Though LA Noire is primarily an adventure game, in a way, as you play detective trying to find the clues to the case, there are other elements to LA Noire. Most prevalent will be driving. As you are clued in to your next location, you can either opt to drive yourself or have your partner drive for you. The latter is good if you're a lousy driver and don't want to rack up penalties in damage. There's a huge amount of perfectly replicated 1940's cars to choose from, including varieties of police cars, sport cars and even ambulance trucks if you feel obligated. The cars handle very well, though due to the period cars feel pretty darn slow, but that's to be expected.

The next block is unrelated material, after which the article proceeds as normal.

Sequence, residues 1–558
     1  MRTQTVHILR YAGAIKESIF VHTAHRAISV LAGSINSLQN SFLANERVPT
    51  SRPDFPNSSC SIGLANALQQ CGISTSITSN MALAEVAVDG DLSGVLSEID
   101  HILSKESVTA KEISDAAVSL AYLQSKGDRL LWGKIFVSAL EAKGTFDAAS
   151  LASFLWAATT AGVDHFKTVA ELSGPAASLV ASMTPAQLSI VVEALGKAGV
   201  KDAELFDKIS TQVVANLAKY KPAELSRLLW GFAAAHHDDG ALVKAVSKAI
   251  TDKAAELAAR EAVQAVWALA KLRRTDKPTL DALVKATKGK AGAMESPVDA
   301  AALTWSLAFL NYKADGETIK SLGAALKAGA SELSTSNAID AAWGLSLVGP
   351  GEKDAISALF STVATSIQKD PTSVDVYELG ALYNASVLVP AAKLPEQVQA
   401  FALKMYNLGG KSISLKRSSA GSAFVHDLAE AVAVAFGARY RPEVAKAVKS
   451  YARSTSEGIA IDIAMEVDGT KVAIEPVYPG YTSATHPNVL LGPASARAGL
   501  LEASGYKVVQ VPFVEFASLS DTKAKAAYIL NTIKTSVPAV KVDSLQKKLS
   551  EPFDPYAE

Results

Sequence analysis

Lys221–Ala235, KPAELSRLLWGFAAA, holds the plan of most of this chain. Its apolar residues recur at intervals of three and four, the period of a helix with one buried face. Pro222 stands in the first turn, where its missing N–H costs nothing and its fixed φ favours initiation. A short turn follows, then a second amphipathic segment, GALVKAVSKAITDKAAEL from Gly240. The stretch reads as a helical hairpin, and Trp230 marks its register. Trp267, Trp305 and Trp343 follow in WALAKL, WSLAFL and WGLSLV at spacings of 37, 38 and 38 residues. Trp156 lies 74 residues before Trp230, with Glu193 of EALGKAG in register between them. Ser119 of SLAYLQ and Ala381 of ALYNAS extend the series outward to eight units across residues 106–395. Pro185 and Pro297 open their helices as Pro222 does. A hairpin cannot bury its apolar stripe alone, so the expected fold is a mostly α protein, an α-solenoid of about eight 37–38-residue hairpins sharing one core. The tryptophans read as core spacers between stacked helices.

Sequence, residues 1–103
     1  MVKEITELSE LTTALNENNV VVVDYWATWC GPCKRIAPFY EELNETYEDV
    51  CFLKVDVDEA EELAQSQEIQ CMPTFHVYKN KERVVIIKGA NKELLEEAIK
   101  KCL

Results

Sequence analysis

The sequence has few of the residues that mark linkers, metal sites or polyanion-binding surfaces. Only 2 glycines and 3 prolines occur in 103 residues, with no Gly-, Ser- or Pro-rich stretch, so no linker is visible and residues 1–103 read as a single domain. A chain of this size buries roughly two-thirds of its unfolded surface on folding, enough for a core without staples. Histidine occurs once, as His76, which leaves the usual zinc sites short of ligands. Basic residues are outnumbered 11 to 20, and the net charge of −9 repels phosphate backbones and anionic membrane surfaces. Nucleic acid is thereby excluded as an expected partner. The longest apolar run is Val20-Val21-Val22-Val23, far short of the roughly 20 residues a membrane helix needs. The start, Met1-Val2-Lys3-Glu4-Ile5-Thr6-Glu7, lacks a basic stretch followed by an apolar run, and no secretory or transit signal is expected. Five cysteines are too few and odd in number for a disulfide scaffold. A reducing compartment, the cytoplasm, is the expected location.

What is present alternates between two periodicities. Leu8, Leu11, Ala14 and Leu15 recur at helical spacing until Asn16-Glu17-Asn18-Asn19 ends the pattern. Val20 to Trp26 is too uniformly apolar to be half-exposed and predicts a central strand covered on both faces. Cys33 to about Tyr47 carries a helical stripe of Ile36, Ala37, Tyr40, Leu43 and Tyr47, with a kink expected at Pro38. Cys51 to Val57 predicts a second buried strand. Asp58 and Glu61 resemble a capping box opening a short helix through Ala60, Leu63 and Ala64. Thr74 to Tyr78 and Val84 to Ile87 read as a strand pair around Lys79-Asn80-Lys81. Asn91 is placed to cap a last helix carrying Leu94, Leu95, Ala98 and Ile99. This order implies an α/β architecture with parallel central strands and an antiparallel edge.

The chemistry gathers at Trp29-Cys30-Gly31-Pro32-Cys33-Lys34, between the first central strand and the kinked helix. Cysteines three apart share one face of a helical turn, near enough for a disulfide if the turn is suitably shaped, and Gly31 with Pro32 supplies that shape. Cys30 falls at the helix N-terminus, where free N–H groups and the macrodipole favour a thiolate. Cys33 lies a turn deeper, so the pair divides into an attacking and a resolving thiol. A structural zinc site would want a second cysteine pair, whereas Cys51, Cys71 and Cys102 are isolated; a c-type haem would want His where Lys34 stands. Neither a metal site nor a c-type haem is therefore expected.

You will also have to engage in varieties of combat situations. You will gain access to fire arms, including pistols, shotguns, BARs and even a flame thrower specific to the last level. The shooting uses an auto-aim system not too uncommon from GTA IV, and combat is pretty straight forward. One cool aspect is that instead of health meters, you take visible damage on Phelps and the screen starts to turn black and white. It adds a nice level of immersion. You also have fist fights, where the game uses a button-bashing system with A to punch, X to dodge and Y to grapple. Pretty straightforward too, and most enemies are cake. You may also have to pursuit suspects, and you can stop them in multiple ways. You can fire a warning shot by aiming your gun long enough to fill the aiming reticule white, try and catch up to them and tackle them to the ground, or they may stop anyways and knock you out in the process by hiding around a corner.